Looking at wait types in SQL Server is a great way to get some insight into how SQL Server is operating under the current load. Although wait types in SQL Server are around from the days of SQL Server 2000 (may be earlier), it has improved significantly from SQL Server 2005. New wait types are being added almost in every new SQL Server versions, providing us with great insight to how SQL Server is performing. This post is to understand the DIRTY_PAGE_POLL wait type in SQL Server 2012.

DIRTY_PAGE_POLL is a new wait type added in SQL Server 2012. If you see high values for this wait type on your server, should you be concerned? What is this wait type referring to? Let’s get into the details of what functionality of SQL Server does this refer to.

Before SQL Server 2012, the recovery time of the database(s) after an unexpected shutdown or crash used to depend on the ‘recovery interval’ sp_configure option which in turn was responsible for issuing “automatic checkpoints”. The timing of these automatic checkpoints used to vary a lot depending on the activity on the database and the algorithm had some issues as well to determine how frequently the checkpoint should be run to support the recovery time accurately. There is a myth that checkpoint will run every minute and that is NOT true and its a story for another post.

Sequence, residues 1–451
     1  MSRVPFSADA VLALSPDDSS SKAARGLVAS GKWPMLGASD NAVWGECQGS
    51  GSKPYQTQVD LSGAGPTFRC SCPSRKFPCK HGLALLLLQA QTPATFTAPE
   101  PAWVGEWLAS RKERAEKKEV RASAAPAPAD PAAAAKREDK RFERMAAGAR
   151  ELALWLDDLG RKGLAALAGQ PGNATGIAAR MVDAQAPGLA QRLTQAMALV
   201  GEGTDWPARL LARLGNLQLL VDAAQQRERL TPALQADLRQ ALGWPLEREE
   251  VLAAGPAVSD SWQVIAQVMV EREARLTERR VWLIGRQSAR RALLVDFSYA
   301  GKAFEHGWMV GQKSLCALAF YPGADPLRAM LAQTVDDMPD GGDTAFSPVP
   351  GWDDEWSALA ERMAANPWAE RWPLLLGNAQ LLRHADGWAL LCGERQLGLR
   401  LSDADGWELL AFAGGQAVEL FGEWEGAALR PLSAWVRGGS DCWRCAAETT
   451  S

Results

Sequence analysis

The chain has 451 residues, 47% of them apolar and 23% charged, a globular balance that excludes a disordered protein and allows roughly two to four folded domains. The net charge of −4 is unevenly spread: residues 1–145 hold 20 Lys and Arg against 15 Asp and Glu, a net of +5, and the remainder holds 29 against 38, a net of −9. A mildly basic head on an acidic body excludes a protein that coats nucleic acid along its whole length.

In SQL Server 2012, a new concept known as “Indirect checkpoints” is added which allows to control the recovery time much more accurately compared to previous versions. This is controlled at the database level unlike the old option in previous versions was at server level. The option is called “TARGET_RECOVERY_TIME” and is set using ALTER DATABASE command. For more details refer BOL at http://msdn.microsoft.com/en-us/library/hh403416(v=sql.110).aspx.

When you use “Indirect Checkpoint”, the background thread constantly looks for dirty pages to be written to disk at a much more aggressive rate (compared to automatic checkpoints) i.e to support the recovery time interval that is set using the “TARGET_RECOVERY_TIME”. Even if you are NOT using the “Indirect checkpoint”, the background thread may be waiting to poll for dirty pages. So, it is possible to see high values for this wait type especially when you aren’t using “Indirect checkpoint” feature. It is a benign wait type and shouldn’t be any concern if you happen to see high values for this wait type on your systems.

So the next question is should we change all databases to use “Indirect checkpoint” when upgraded to SQL Server 2012? While “Indirect checkpoint” has great promise, you should rely on extensive testing for your workload before using this feature as it changes the how much data is being written to the disk constantly.

Recommended Reading:
http://www.sqlskills.com/blogs/joe/post/Adjusting-target-recovery-time-by-database-in-SQL-Server-2012.aspx
http://msdn.microsoft.com/en-us/library/ms189573(v=sql.110).aspx
http://sankarreddy.com/2011/03/does-checkpoint-write-uncommitted-data/
http://www.sqlskills.com/BLOGS/PAUL/category/Checkpoint.aspx